There is rather a lot of flowery text, especially when Victor gets into one of his self-pitying monologues. Victor himself seems to recognize how out of hand he gets at times, interrupting himself at one point with “But I forget that I am moralizing in the most interesting part of my tale, and your looks remind me to proceed.” He does, throughout the tale, do an awful lot of “alas”ing and “woe is me”ing.
However, there are many passages of astonishing, beautiful prose – my favorite being the description of Frankenstein’s monster awaking:
It was on a dreary night of November that I beheld the accomplishment of my toils. With an anxiety that almost amounted to agony, I collected the instruments of life around me, that I might infuse a spark of being into the lifeless thing that lay at my feet. It was already one in the morning; the rain pattered dismally against the panes, and my candle was nearly burnt out, when, by the glimmer of the half-extinguished light, I saw the dull yellow eye of the creature open; it breathed hard, and a convulsive motion agitated its limbs. How can I describe my emotions at this catastrophe, or how delineate the wretch whom with such infinite pains and care I had endeavoured to form? His limbs were in proportion, and I had selected his features as beautiful. Beautiful! Great God! His yellow skin scarcely covered the work of muscles and arteries beneath; his hair was of a lustrous black, and flowing; his teeth of a pearly whiteness; but these luxuriances only formed a more horrid contrast with his watery eyes, that seemed almost of the same colour as the dun-white sockets in which they were set, his shrivelled complexion and straight black lips.
Ah, you can just see it, can’t you?
Another aspect of the book that surprised me was just how much geography and nature plays a role in the novel – almost its own silent character. I found it beneficial to pull up images of the locations mentioned in the book as I read – everything from specific mountains located in the alps, to the frozen wastes of the Artic, to the wave-blasted shores of small islands off of Ireland. The scope and grandeur of these locations really enhances the epic plot – making the characters appear smaller against such a huge backdrop.
At this point, I’d like to talk a bit about genre. I find it interesting how this is considered the first work of science fiction. To a certain extent, yes, I can see the precursors of science fiction, especially because science and the scientist are taking center stage. But at the same time –to borrow an evolutionary metaphor – I see Frankenstein as more of a transitional form rather than the first of its species. Despite movie images of crackling electricity, beeping machinery and strange dials, there’s only the tiniest amount of science present. There’s the concept of being able to raise the dead to life, but the technical details are vague to the point of being basically nonexistent.
Truly, I think I saw more of the tradition of romance and melodrama in the work that the beginnings of science fiction. Again, to borrow an evolution metaphor – I never would have looked at this fish and thought it would end up as a man.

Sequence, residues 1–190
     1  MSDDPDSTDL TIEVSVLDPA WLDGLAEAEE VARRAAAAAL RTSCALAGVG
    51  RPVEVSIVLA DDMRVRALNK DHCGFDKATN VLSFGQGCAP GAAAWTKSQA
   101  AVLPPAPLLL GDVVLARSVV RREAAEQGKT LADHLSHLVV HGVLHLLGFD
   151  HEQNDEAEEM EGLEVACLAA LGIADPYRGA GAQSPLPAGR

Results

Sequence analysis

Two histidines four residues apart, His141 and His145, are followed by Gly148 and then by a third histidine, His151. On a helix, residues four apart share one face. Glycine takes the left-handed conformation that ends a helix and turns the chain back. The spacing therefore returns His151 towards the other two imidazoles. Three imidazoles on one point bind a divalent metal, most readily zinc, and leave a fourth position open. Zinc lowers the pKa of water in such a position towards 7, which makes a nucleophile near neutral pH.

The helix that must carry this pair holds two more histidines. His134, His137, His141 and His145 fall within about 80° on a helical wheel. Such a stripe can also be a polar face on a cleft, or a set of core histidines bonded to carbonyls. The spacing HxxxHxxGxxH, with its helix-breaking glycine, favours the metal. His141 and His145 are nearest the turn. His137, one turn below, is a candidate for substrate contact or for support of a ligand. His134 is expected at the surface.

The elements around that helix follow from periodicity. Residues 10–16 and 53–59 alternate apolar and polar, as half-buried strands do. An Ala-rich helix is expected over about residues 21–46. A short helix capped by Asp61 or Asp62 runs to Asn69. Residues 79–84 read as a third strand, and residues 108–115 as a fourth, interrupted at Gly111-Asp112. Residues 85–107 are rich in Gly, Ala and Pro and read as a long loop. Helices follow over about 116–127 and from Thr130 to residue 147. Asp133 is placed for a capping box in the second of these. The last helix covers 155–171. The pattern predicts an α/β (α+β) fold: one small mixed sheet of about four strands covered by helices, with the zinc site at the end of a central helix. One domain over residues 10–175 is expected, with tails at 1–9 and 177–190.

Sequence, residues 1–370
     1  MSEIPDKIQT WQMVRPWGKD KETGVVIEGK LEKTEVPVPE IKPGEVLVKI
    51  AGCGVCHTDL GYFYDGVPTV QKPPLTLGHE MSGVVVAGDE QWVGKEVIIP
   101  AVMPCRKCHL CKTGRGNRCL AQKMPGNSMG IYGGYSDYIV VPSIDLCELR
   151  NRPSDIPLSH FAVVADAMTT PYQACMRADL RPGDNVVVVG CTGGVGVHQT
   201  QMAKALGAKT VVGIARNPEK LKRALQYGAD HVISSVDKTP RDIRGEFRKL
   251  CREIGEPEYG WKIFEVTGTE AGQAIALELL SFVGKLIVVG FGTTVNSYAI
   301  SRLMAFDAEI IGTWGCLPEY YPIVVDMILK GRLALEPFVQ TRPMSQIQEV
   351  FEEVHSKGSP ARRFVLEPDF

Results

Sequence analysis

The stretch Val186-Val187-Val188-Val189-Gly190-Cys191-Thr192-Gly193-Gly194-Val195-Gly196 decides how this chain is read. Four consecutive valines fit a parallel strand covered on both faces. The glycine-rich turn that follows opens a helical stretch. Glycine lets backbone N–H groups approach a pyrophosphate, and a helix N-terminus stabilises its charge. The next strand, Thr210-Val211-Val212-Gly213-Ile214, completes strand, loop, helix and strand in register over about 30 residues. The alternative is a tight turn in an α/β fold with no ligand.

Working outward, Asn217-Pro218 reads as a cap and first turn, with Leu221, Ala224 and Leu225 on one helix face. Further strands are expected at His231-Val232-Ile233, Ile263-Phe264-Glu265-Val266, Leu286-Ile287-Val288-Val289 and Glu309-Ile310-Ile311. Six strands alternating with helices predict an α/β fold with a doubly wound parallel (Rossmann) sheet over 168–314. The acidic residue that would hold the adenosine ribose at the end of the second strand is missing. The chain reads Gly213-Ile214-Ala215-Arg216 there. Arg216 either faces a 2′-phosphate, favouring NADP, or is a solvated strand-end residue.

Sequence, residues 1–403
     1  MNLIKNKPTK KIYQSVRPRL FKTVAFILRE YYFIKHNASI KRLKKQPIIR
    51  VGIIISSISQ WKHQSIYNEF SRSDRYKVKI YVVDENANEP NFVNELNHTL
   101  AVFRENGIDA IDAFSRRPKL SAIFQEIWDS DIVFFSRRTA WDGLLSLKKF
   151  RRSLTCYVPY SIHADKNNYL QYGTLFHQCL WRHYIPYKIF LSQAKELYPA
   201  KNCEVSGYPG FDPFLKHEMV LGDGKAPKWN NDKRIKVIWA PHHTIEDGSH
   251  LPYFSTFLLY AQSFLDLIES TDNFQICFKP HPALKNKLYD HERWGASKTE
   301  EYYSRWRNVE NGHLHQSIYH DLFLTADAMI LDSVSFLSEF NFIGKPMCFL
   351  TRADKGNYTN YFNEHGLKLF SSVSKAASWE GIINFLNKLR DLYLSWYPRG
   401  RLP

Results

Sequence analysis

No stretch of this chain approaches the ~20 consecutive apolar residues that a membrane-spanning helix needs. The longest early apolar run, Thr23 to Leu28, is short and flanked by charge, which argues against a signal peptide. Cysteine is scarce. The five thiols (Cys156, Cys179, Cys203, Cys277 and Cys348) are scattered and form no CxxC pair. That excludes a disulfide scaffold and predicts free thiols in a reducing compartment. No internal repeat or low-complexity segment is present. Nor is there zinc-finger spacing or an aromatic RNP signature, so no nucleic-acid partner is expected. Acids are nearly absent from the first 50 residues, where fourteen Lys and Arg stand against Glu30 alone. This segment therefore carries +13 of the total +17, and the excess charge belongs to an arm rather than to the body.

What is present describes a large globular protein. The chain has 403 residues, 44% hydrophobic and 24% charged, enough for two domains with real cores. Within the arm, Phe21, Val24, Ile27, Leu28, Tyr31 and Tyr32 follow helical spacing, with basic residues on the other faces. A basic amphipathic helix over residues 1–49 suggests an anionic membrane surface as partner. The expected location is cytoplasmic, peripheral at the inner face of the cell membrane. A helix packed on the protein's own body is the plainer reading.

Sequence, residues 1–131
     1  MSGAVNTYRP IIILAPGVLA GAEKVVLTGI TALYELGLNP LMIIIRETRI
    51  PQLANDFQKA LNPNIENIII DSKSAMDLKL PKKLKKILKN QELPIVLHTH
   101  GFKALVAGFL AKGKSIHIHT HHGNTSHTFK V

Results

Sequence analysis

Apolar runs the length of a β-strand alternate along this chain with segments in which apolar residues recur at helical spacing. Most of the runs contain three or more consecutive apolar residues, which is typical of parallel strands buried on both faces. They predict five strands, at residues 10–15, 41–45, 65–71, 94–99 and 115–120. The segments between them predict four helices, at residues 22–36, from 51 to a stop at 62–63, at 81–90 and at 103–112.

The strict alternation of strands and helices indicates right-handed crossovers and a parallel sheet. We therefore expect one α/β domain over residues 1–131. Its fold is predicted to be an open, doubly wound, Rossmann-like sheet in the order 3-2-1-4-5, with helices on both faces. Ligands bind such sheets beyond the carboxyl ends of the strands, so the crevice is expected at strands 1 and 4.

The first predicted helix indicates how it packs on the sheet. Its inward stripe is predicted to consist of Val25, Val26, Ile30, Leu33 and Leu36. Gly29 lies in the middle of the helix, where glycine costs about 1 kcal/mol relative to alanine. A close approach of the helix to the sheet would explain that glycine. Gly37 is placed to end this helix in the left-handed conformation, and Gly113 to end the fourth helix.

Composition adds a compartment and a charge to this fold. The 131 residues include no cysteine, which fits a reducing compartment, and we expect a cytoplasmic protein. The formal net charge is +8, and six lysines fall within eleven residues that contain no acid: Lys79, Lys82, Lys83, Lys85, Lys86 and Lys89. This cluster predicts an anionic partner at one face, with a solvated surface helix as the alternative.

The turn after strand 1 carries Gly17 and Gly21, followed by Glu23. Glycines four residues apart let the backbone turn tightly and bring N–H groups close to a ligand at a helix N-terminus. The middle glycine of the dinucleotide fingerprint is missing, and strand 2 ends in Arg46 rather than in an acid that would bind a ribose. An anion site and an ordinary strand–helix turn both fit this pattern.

As I look at the overall work, I come to the conclusion that I ultimately enjoyed the plot, the format, the characters and the elements that would eventually steer toward science fiction, spare as they were.
But in the end, I didn’t enjoy what I saw as the book’s ultimate message – that science is a scary, dangerous thing and that some parts of nature are to be known by God alone. Speaking personally, I think that God has given us intellect and curiosity for a reason, and while there is such a thing as ethical and unethical science, we do the creator and the creation a disservice to classify areas of research as “not meant for man to understand.”
As usual, please feel free to get a discussion going on this either at the StarShipSofa forums or on my own blog site cheapskatesreview.wordpress.com.
One final note: I found it fascinating the number of scenes that I was just certain were in the book, but proved to be completely absent. For example, I thought for sure there was a scene where Frankenstein’s monster befriended a little girl, and they began to throw pretty flowers into a river. The monster, in his innocence, decides that the little girl is also pretty and would enjoy being thrown into the river. He does so with his unnatural strength, drowning the girl.
This entire scene is not there, and for the life of me, I have no idea where I picked it up.
And I could swear, just swear, that the book ended with a fight mano-a-mano between Frankenstein and his creation at the very top of the world in the arctic. Again – It’s not there and I’m baffled where I got the idea.
I think it reveals how much the Frankenstein mythos has dyed the fabric of our culture, and how beneficial it can be to go back to the source and judge the work on its own merits. For that reason, if nothing else, I’m glad I took the time for “Frankenstein.”
Frankenstein is about as much in the public domain as you can get, so the Internet is quite flooded with options for downloading ebooks. I’ll put up a few of the best on my site. There are also free audiobook versions on librivox.org, and these are all right, although the narration needs to have some stumbles and hesitations cleaned up.
However, I’m particularly looking forward to a full-cast production that appears to be in-progress at the site. I’ll link to that site as well so you can keep track of when it’s completed.
That’s all today for Cheapskates. Theme music is from “Re: Your Brains” by the great Jonathan Coulton under a Creative Commons, attribution, non-commercial license, today with a bit of – uh – Halloweenification by yours truly. You can find Jonathan’s work at www.jonathancoulton.com. This is Adam, reminding you that free doesn’t have to mean cheap.